Concern over Syrian refugees at Al Qaem as Iraq's crisis deepens

Briefing Notes, 20 June 2014

This is a summary of what was said by UNHCR spokesperson Adrian Edwards to whom quoted text may be attributed at the press briefing, on 20 June 2014, at the Palais des Nations in Geneva.

With forced displacement in Iraq now estimated at a million people so far this year UNHCR is also concerned about the safety of Syrian refugees at the Al Qaem camp in the west of the country.

Al-Qaem, also known as Al-Obaidi, lies in Iraq's Anbar province some 25 kilometres from the Syrian border. 1500 Syrian refugees are housed there in tents. A further 3,500 live outside the camp. Last night military clashes happened around one camp area, causing panic among the refugee population. The situation had calmed as of earlier this morning.

In view of the limited access UNHCR had earlier pre-positioned kerosene, diesel fuel and flour to make bread for the two months. We are also working with WFP and UNICEF to ensure food parcel delivery is not interrupted. Many refugees have asked to return to Syria, even though large parts of Syria remain contested. We are getting reports that many in the urban population have moved to safer communities outside Al Qaem.

Meanwhile the humanitarian needs of Iraq's wider newly displaced population continue to mount. Our aid operation is currently focused on the north of the country. Many of the displaced have found temporary shelter with friends and relatives, in hotels, schools, mosques, parks and unfinished buildings. An increasing number with no other options are seeking shelter in camps that are either in the process of being opened or in the planning stages. Twice this week, we have sent tents and other relief items with a convoy into Sinjar a poor and remote region of Ninewa province where some 30,000 people fleeing Tal Afar and elsewhere have gathered in recent days.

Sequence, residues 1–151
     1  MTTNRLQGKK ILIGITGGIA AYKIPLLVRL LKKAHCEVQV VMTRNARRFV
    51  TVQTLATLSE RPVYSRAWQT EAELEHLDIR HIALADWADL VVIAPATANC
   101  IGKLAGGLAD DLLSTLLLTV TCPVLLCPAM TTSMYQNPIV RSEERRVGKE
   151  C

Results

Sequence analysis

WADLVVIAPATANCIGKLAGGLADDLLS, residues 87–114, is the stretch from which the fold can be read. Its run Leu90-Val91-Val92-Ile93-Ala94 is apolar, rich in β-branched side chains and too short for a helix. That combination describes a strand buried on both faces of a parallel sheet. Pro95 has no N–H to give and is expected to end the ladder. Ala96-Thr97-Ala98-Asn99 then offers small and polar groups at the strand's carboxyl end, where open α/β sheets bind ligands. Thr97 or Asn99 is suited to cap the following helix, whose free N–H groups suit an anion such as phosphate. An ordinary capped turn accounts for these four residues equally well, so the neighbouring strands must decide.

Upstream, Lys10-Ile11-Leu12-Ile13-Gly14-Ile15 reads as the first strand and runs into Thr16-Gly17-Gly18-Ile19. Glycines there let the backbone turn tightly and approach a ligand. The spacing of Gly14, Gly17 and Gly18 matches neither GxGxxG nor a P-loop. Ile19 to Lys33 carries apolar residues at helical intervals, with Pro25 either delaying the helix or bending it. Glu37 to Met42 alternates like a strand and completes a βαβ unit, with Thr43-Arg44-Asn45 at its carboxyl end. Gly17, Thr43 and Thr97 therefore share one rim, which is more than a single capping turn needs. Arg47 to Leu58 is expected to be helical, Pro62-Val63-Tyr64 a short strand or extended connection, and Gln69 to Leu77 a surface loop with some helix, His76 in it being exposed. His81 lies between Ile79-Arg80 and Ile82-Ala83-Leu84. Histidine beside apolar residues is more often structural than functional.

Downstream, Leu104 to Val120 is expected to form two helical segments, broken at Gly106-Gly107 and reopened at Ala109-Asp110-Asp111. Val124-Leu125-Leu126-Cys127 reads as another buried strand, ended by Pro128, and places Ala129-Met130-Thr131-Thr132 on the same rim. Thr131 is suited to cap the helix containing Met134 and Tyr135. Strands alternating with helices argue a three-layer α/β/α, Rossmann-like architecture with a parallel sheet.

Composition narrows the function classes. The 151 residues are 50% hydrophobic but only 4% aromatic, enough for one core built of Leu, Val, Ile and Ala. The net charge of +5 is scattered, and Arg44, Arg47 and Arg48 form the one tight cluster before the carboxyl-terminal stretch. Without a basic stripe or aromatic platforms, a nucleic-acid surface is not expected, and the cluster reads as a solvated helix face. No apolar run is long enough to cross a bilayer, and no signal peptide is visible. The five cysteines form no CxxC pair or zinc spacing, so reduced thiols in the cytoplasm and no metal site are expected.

UNHCR and its partners have conducted assessments with close to 2,700 households in the urban areas of Erbil and Duhok. Seventy per cent of these IDP families told us they intend to return to Mosul soon because they are running out of money. Some have resorted to selling personal items to pay for shelter. Others have already left, and our colleagues monitoring checkpoints between provinces report movement in both directions.

We continue to ramp up our response to support these and others in need, distributing tents, mattresses, blankets, water containers and hygiene kits, kitchen sets and stoves for some 14,000 people sheltering in transit camps and urban locations. To date, UNHCR has provided aid to displaced people in the Khazair transit camp in Erbil governorate, the Garmawa camp and Zummar and Shekhan cities in Duhok governorate, to Sinjar in Ninewa governorate, to Sulymaniah city and Khanaqin town in Diyala governorate.

With fighting currently underway in different parts of the country, the displacement crisis could escalate further. Alongside our sister agencies and NGO partners in Iraq, UNHCR is revising its requirements and will soon issue a new appeal to cover the needs of a million displaced Iraqis displaced in 2014.

For more information on this topic, please contact:

  • In Baghdad, Ned Colt on mobile, +964 780 917 4173

  • In Erbil, Catherine Robinson on mobile, +964 771 99 45 693

  • In Geneva, Adrian Edwards on mobile +41 79 557 9120

  • In Geneva, Ariane Rummery on mobile +41 79 200 7617

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Special Envoy Angelina Jolie in Iraq